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Home » The atom bomb on Hiroshima is Anti-American? How Patti Smith argues on Instagram

The atom bomb on Hiroshima is Anti-American? How Patti Smith argues on Instagram

Hiroshima Genbaku dome by Tine Steiss 2004

Spoiler: She doesn’t!

Let me explain.

This is Patti Smith. This is her post on Instagram and you see what she posted:

Hiroshima Genbaku dome by Tine Steiss 2004

This is
the Atomic Bomb Dome,
that withstood the terrible
destruction from the first
atomic bomb dropped in
human history. Then it was
surrounded by the ashes
and debris of humanity.
It remains, a cenotaph,
a resilient ghostly witness
containing the vibrations
of thousands of lost souls.
Today in Hiroshima, 75 bells
toll in remembrance of the
indescribable horror suffered
on August 6, 1945. A stain
upon us, never to be repeated,
and never to be forgotten.

Most replies where heartfelt pain and the wish for this to never, never repeat and I am grateful for that. There is a great strength, vulnerability and empathy is a response that acknowledges the pain. A strong and open heart is needed to hold the horror and loss that happened that day. It’s hard just to keep looking, to not be distracted, to not derail or justify.

The following reactions could be witnessed in the comments as well. Let me quote some, so you get an idea:

“Wasn’t it the Japanese who attacked the USA first? Why is the USA always portrayed as the evil one. Anti-Americanism.”

“Remember the hundreds of thousands of innocent Chinese, Filipino and others murdered by the Japanese. Remember Pearl Harbor. Let’s get the history right here.”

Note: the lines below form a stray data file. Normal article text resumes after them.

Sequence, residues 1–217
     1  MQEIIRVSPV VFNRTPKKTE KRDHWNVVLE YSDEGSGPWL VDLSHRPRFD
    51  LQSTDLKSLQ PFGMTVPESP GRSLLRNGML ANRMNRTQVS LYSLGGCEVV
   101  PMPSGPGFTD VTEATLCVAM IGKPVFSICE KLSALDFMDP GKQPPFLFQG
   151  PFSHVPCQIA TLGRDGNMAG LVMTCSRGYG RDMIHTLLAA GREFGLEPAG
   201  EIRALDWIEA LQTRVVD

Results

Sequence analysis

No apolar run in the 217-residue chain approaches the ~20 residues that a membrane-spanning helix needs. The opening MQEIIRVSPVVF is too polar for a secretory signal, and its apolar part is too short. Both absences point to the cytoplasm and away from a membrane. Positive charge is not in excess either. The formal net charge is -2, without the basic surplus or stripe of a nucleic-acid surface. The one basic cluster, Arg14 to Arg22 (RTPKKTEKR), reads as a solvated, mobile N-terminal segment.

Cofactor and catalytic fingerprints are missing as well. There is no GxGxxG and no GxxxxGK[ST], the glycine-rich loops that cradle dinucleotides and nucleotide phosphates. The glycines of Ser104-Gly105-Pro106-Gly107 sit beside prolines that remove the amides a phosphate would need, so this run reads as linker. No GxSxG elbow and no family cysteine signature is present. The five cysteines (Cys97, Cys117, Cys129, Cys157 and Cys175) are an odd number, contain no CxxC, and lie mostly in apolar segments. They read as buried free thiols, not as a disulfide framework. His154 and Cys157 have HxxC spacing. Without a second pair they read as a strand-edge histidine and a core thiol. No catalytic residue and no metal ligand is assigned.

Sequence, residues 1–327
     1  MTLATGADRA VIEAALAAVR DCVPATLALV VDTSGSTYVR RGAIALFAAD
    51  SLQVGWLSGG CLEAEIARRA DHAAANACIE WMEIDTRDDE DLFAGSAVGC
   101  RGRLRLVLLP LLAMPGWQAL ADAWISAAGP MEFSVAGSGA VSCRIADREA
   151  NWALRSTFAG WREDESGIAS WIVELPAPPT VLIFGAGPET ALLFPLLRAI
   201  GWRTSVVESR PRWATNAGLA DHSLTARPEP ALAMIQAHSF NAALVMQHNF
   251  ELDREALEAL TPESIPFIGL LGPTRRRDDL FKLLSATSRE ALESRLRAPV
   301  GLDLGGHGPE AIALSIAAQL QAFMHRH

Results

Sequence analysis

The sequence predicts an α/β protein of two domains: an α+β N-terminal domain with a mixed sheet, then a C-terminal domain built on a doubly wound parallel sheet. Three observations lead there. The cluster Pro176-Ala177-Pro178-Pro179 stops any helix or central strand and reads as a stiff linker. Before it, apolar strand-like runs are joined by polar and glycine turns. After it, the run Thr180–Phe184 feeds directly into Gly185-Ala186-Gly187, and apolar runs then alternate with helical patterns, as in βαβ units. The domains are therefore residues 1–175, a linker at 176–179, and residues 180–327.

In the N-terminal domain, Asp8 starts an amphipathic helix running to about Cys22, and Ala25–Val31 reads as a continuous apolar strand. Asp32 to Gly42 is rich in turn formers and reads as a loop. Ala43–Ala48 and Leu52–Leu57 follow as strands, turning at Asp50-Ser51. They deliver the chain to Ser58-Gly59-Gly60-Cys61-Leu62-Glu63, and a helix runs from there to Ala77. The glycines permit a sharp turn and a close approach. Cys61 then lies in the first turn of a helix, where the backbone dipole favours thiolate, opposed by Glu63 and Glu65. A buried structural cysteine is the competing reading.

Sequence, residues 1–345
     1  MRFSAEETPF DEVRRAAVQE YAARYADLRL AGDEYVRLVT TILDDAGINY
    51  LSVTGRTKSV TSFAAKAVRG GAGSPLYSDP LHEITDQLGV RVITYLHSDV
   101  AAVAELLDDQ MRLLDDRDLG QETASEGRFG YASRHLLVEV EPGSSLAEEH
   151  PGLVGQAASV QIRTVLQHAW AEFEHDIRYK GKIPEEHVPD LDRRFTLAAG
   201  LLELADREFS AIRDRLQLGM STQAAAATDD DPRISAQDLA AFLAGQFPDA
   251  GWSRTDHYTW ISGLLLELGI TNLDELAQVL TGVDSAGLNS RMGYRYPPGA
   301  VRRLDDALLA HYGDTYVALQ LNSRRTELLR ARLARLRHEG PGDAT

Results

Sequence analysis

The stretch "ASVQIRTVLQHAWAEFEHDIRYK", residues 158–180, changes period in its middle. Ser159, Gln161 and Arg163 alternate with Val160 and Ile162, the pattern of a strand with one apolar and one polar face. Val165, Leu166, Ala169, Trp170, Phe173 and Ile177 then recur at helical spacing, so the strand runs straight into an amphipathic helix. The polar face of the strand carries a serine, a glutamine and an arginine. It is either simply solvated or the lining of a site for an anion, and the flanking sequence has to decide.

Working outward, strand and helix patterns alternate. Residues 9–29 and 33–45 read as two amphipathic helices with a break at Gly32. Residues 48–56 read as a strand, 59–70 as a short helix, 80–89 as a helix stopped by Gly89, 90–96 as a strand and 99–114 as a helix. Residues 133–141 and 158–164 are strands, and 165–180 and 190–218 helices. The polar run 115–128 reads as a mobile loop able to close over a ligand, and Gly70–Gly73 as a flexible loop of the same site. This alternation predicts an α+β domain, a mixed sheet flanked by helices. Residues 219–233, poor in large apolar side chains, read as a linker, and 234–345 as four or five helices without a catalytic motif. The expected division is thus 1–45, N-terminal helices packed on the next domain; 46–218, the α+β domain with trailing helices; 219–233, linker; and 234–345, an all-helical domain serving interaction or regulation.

“And this is just one of the atrocities committed by imperial Japan.”

it had to be done for our safety and freedom”

First of all, kudos to Patti Smith for acting with patience, grace and compassion. From what I see, her replies are short and to the point, no blame no judgement, no shaming. Just adding some information, the other person might have been missing to see the full picture. There’s so much to learn here. It looks like she doesn’t get triggered, or annoyed, assuming this is said by a good person, wanting to do the right thing, just missing some information.

Be like Patti Smith.

Stay open, curious, supportive. Assume the best and treat others with kindness.

Now here’s the thing: This could have been me. The comments I picked out and that at times make my fingers itch for a righteous reply could have been me. I didn’t say that, but I am sure the internet somewhere remembers – let’s call them – less informed comments… That do not represent what I am thinking these days.

This makes the whole post and the patience and care of Patti’s response so beautiful. Because if it would have been me calling me being called stupid would have caused me to shut down and grab my option tighter and defend my position. Yet Patti left a door open to gracefully question my opinion, to open up and be receptive to the new information that was presented without judgement. This is how you get me to question my position. And I think this is how we can bridge divides.

Looking at my own story when I was in what I think was a similar mindset from where these comments come from I was hurting and not even aware of my hurt. I felt so small and fragile that I needed to defend everything. Admitting a mistake was out of the question and feeling pain without resolve was impossible. I would do everything to dodge the pain.

I do not know how I got here. Now I – mostly – can allow the pain without it shattering me. I can – more often than not – acknowledge the suffering without being pushed into defensiveness. I think this is what freedom feels like and I wholeheartedly wish everyone including myself the freedom and grace to reply calmly and with compassion to those comments leaving a door open for the person to rethink the standpoint from a position of freedom and acceptance.